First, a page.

4. Know the lingo of the business you’re in: CIA director Robert Dewey, played by Tommy Lee Jones, tells his asset that he needs to close his current account.

The outside world could be left wondering what Dewey meant by this terminology. The asset wasn’t. He knew those words meant to terminate the person he was currently interrogating and move on.

Do you know the language the business you’re in uses? You need to.

5. Jason Bourne:

What’s wrong?

Jason Bourne met up with Nicky Parsons and realized something was wrong. And he did what any great leader would do, he asked her what was going on.

Have you been aware of your team and their conditions? Have you been willing to ask them what is wrong or what is going on?

Leaders are willing to ask tough questions to get things done.

6. Nicky Parsons:

Look at yourself. Look at what you’re doing. You can’t keep living like this.

Nicky Parsons found Jason bourne in a bad state. He was street fighting. He was scrapping by. He wasn’t the Bourne she knew.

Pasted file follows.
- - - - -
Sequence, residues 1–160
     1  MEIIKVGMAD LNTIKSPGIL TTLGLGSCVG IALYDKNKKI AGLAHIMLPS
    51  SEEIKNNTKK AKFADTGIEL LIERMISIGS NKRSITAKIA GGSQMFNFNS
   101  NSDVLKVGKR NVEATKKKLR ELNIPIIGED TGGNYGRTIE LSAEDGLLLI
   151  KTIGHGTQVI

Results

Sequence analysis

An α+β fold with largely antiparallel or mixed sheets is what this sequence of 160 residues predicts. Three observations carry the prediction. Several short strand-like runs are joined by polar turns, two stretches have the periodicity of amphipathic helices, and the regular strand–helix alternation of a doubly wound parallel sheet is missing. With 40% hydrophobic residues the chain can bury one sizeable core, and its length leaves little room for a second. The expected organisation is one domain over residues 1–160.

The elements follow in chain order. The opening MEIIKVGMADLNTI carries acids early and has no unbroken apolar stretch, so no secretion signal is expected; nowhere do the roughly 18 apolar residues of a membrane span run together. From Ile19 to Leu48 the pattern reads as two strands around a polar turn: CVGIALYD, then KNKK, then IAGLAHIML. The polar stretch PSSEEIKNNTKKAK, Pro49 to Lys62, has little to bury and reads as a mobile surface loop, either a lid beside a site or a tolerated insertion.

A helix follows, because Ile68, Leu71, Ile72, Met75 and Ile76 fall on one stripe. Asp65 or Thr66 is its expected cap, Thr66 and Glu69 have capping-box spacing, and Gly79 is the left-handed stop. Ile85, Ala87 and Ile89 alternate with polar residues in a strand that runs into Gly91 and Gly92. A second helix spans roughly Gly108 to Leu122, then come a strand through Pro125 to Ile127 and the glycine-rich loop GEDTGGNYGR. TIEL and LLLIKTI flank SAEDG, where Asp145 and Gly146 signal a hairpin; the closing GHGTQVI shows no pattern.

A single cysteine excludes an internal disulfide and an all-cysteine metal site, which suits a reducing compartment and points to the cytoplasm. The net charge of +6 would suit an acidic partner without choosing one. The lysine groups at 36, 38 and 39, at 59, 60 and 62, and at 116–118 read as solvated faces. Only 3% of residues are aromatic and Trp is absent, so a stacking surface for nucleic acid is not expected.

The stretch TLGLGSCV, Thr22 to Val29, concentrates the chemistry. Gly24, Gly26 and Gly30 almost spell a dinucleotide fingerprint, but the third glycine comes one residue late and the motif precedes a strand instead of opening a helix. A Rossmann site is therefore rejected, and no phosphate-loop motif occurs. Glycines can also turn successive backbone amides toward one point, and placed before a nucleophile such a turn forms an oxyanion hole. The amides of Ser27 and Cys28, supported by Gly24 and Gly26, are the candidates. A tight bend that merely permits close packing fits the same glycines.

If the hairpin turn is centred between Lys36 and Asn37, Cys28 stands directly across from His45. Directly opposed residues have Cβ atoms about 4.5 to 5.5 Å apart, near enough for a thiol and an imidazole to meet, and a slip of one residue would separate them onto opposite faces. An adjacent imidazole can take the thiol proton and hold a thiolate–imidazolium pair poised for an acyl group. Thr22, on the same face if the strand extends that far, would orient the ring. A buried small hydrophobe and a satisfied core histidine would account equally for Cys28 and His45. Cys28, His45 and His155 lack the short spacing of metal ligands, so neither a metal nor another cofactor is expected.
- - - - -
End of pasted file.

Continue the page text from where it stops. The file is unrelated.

And she confronted him about his lifestyle.

Great leaders call people out when they need to. They don’t call them out publicly, though. They take them aside and let them know they see something is wrong.

7. Know your surroundings: One of the things I’ve loved about the Jason Bourne movie series is how keenly aware Bourne is of his surroundings.

He is constantly watching for people or things that are out of the ordinary. When something is wrong, he picks up on it and moves to correct the issue.

Pay attention to what is happening around you. There are signs that can lead you to more success or to your failure.

8. Remain calm and focused: Another trait that I admired about Jason Bourne was his ability to stay calm and focused regardless of what was going on around him.

He could be in the middle of a firefight and still have the mental compacity to figure his way out of the situation. His calmness allowed him to come out of deadly encounters.

Remember that leaders don’t freak out. As trials and tribulations present themselves, leaders retreat to a calm and collected state.

9. Chaos brings opportunity: After meeting with Nicky, Bourne realizes they’ve been spotted. He knows they need to get away.

Nicky is sent in one direction while Bourne goes in another. Where does he go?

Straight into the chaos of a riot in Athens, Greece. Why?

Because he knew the chaos would provide cover and opportunity.

Sometimes we look at the chaos and think the chaos is bad. Nothing good can come from the chaos.